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I’ve learned three things about hospitals over the past few days:

  1. Hurry Up and Wait! Hospitals are some of the slowest places on earth. We arrived yesterday at about 11:30 after a phone conversation with the NICU that suggested Simon was ready to go. Four hours later we were still waiting.
  2. Information does not flow like it needs to. Especially between shifts. The nurses are friendly and extremely helpful, but they’re also very, very busy. Anytime they tell you that they will let the next shift know something that you have told them, that is your queue to communicate that piece of information to the next shift yourself. We gave permission for a certain procedure at least five times (two of which involved signing forms that were immediately lost).
  3. You will be given contradictory information. Jessica has already blogged about the contradictory information you can pick up in baby literature and on the web, but on more than one occasion I actually got contradictory information about Simon’s medical status or proscribed care. This is when you have to reaise your hand, yell “Stop!”, point out the conflict and demand that someone be produced who can provide an authoritative answer. (Or you can just say “Screw it!” and wait to talk to the pediatrician on Monday….)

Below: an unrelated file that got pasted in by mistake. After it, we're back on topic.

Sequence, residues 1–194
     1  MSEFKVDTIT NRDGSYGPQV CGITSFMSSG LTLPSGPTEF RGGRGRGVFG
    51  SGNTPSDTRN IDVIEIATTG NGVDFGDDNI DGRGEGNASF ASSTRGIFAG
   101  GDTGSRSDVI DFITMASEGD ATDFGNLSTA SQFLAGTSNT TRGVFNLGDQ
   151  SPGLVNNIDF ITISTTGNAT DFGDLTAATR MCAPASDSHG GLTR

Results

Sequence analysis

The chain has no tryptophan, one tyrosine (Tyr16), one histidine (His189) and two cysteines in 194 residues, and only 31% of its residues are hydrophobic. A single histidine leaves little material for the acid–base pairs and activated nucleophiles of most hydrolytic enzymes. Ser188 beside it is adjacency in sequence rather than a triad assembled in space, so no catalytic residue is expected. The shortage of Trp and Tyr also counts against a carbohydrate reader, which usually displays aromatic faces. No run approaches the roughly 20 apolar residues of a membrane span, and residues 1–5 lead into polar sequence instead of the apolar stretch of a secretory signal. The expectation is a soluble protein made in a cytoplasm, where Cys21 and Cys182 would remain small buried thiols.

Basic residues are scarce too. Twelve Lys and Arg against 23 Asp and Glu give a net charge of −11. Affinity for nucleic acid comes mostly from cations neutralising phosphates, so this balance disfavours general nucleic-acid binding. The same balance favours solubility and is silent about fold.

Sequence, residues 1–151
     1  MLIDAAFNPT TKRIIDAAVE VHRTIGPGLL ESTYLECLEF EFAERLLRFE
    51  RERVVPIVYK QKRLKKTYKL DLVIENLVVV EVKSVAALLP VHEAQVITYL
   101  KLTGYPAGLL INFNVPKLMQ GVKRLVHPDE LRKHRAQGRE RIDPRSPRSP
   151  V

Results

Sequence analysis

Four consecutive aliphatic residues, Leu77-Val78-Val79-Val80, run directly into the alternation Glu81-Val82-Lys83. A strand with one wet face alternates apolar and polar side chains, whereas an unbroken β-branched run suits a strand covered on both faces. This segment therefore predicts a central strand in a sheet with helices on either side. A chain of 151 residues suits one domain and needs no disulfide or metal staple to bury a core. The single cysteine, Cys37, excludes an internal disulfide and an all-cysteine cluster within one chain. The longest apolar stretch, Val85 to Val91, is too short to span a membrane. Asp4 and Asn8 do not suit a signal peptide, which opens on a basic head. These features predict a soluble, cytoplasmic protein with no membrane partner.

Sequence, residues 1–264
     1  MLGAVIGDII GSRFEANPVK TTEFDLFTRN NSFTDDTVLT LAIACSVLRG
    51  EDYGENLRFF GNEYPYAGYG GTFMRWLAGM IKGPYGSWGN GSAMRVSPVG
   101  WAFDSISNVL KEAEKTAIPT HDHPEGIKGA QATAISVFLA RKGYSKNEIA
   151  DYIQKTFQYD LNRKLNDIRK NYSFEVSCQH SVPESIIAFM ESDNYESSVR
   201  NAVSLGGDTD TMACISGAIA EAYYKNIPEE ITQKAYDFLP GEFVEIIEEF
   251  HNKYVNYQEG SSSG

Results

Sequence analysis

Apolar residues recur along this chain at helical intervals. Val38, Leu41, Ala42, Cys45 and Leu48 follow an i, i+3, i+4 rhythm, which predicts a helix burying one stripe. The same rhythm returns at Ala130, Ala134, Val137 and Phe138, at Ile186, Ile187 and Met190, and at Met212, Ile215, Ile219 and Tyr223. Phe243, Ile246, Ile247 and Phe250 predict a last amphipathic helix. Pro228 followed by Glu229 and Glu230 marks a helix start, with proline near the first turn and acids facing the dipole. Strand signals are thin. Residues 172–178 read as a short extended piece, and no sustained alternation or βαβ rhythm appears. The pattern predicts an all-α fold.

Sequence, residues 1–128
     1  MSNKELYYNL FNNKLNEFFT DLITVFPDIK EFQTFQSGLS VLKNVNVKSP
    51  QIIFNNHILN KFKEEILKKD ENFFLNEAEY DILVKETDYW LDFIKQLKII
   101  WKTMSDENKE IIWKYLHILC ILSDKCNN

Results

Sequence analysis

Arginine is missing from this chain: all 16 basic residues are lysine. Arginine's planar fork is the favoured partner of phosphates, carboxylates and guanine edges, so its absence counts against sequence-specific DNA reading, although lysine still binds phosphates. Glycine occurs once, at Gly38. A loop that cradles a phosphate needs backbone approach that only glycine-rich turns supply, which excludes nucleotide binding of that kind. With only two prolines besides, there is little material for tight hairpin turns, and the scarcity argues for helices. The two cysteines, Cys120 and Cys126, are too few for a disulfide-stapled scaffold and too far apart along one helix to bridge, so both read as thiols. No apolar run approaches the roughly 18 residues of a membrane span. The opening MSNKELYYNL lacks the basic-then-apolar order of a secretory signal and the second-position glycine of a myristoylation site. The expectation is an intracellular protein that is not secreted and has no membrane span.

The Bilirubin test is a perfect example. We get to the hospital at about 11:00 AM this morning, and are asked for the papers ordering his Bilirubin test. Don’t have ’em — nobody told me I was gonna need them, they just told me to bring Simon in. So then they tell us that they can have the NICU send down a copy. Instead of faxing it down, an aide decides to walk it down — probably ’cause he just wants to get the hell out of the NICU for a few minutes and stretch his legs, but whatever. He prings down what amounts to a screen shot of the same database entry that the admitting desk had pulled up on their PC. I’m dubious, but I take it and head down to the lab.

At the lab, they look at this paper and scoff. These papers aren’t orders, they’re screen shots! Yeah, no kidding. We spar for a few rounds with the lab people, and then they say that they will need to call our pediatrician. The pediatrician’s office is called, and after a short conversation with Jessica they agree to fax over an order for a Bilirubin test. Forty-five minutes later, no fax. Call back. “Oh, I think we got the fax number wrong….”

Typically this is where I would just give up, but that’s really not an option any more.

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